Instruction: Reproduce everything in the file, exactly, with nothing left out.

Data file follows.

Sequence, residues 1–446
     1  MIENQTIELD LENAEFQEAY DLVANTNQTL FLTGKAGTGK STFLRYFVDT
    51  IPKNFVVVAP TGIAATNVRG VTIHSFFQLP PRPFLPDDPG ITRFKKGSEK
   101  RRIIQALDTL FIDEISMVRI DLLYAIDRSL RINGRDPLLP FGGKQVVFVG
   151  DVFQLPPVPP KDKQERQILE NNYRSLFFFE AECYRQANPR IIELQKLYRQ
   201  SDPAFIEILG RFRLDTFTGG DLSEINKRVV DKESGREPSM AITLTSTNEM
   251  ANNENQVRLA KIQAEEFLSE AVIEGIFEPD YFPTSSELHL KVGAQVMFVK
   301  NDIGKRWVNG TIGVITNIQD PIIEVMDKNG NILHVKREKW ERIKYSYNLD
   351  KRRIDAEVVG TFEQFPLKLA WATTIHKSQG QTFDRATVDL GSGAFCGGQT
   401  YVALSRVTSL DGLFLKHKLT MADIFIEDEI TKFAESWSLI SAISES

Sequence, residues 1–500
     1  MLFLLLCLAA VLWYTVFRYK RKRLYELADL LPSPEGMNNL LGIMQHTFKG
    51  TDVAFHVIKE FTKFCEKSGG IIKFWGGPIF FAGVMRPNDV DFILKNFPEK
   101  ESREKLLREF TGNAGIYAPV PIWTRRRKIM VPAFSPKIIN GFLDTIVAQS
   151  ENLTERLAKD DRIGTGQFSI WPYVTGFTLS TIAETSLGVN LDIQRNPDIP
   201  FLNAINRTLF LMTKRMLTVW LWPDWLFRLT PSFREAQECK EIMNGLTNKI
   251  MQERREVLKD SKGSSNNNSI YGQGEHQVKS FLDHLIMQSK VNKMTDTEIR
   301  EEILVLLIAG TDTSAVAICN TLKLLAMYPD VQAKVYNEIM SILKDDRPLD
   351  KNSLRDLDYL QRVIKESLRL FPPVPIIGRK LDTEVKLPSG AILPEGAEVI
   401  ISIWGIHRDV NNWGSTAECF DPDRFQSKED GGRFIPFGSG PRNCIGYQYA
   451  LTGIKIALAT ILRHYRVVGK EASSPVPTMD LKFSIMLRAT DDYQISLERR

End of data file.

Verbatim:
Sequence, residues 1–446
     1  MIENQTIELD LENAEFQEAY DLVANTNQTL FLTGKAGTGK STFLRYFVDT
    51  IPKNFVVVAP TGIAATNVRG VTIHSFFQLP PRPFLPDDPG ITRFKKGSEK
   101  RRIIQALDTL FIDEISMVRI DLLYAIDRSL RINGRDPLLP FGGKQVVFVG
   151  DVFQLPPVPP KDKQERQILE NNYRSLFFFE AECYRQANPR IIELQKLYRQ
   201  SDPAFIEILG RFRLDTFTGG DLSEINKRVV DKESGREPSM AITLTSTNEM
   251  ANNENQVRLA KIQAEEFLSE AVIEGIFEPD YFPTSSELHL KVGAQVMFVK
   301  NDIGKRWVNG TIGVITNIQD PIIEVMDKNG NILHVKREKW ERIKYSYNLD
   351  KRRIDAEVVG TFEQFPLKLA WATTIHKSQG QTFDRATVDL GSGAFCGGQT
   401  YVALSRVTSL DGLFLKHKLT MADIFIEDEI TKFAESWSLI SAISES

Sequence, residues 1–500
     1  MLFLLLCLAA VLWYTVFRYK RKRLYELADL LPSPEGMNNL LGIMQHTFKG
    51  TDVAFHVIKE FTKFCEKSGG IIKFWGGPIF FAGVMRPNDV DFILKNFPEK
   101  ESREKLLREF TGNAGIYAPV PIWTRRRKIM VPAFSPKIIN GFLDTIVAQS
   151  ENLTERLAKD DRIGTGQFSI WPYVTGFTLS TIAETSLGVN LDIQRNPDIP
   201  FLNAINRTLF LMTKRMLTVW LWPDWLFRLT PSFREAQECK EIMNGLTNKI
   251  MQERREVLKD SKGSSNNNSI YGQGEHQVKS FLDHLIMQSK VNKMTDTEIR
   301  EEILVLLIAG TDTSAVAICN TLKLLAMYPD VQAKVYNEIM SILKDDRPLD
   351  KNSLRDLDYL QRVIKESLRL FPPVPIIGRK LDTEVKLPSG AILPEGAEVI
   401  ISIWGIHRDV NNWGSTAECF DPDRFQSKED GGRFIPFGSG PRNCIGYQYA
   451  LTGIKIALAT ILRHYRVVGK EASSPVPTMD LKFSIMLRAT DDYQISLERR